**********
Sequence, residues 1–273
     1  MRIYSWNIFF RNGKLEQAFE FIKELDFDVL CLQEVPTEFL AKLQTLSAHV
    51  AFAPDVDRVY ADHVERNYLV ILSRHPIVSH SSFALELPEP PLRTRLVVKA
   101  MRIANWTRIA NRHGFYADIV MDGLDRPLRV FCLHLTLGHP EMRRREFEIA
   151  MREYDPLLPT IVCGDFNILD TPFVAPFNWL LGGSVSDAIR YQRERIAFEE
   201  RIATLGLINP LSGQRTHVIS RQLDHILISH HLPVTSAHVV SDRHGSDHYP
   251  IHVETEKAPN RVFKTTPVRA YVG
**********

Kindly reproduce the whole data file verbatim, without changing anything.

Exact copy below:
Sequence, residues 1–273
     1  MRIYSWNIFF RNGKLEQAFE FIKELDFDVL CLQEVPTEFL AKLQTLSAHV
    51  AFAPDVDRVY ADHVERNYLV ILSRHPIVSH SSFALELPEP PLRTRLVVKA
   101  MRIANWTRIA NRHGFYADIV MDGLDRPLRV FCLHLTLGHP EMRRREFEIA
   151  MREYDPLLPT IVCGDFNILD TPFVAPFNWL LGGSVSDAIR YQRERIAFEE
   201  RIATLGLINP LSGQRTHVIS RQLDHILISH HLPVTSAHVV SDRHGSDHYP
   251  IHVETEKAPN RVFKTTPVRA YVG